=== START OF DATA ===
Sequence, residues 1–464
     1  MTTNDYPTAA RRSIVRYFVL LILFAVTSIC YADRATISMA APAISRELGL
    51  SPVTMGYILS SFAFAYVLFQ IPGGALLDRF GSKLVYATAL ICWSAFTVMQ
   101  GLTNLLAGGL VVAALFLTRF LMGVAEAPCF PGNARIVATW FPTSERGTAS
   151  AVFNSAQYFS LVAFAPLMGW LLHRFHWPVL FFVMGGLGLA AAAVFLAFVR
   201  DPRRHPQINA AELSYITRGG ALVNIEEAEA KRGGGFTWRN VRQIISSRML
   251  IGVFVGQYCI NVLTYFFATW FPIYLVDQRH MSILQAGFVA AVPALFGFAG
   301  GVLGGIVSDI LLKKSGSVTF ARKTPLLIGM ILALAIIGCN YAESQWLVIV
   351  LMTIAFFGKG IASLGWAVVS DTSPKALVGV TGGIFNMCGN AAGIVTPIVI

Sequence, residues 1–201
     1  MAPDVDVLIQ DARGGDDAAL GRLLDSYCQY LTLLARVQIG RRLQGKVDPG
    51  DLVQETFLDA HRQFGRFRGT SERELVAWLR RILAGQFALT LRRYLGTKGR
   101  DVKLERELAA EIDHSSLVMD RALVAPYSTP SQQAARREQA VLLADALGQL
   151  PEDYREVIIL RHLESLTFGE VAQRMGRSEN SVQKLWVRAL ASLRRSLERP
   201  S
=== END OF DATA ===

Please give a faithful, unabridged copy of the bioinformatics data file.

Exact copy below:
Sequence, residues 1–464
     1  MTTNDYPTAA RRSIVRYFVL LILFAVTSIC YADRATISMA APAISRELGL
    51  SPVTMGYILS SFAFAYVLFQ IPGGALLDRF GSKLVYATAL ICWSAFTVMQ
   101  GLTNLLAGGL VVAALFLTRF LMGVAEAPCF PGNARIVATW FPTSERGTAS
   151  AVFNSAQYFS LVAFAPLMGW LLHRFHWPVL FFVMGGLGLA AAAVFLAFVR
   201  DPRRHPQINA AELSYITRGG ALVNIEEAEA KRGGGFTWRN VRQIISSRML
   251  IGVFVGQYCI NVLTYFFATW FPIYLVDQRH MSILQAGFVA AVPALFGFAG
   301  GVLGGIVSDI LLKKSGSVTF ARKTPLLIGM ILALAIIGCN YAESQWLVIV
   351  LMTIAFFGKG IASLGWAVVS DTSPKALVGV TGGIFNMCGN AAGIVTPIVI

Sequence, residues 1–201
     1  MAPDVDVLIQ DARGGDDAAL GRLLDSYCQY LTLLARVQIG RRLQGKVDPG
    51  DLVQETFLDA HRQFGRFRGT SERELVAWLR RILAGQFALT LRRYLGTKGR
   101  DVKLERELAA EIDHSSLVMD RALVAPYSTP SQQAARREQA VLLADALGQL
   151  PEDYREVIIL RHLESLTFGE VAQRMGRSEN SVQKLWVRAL ASLRRSLERP
   201  S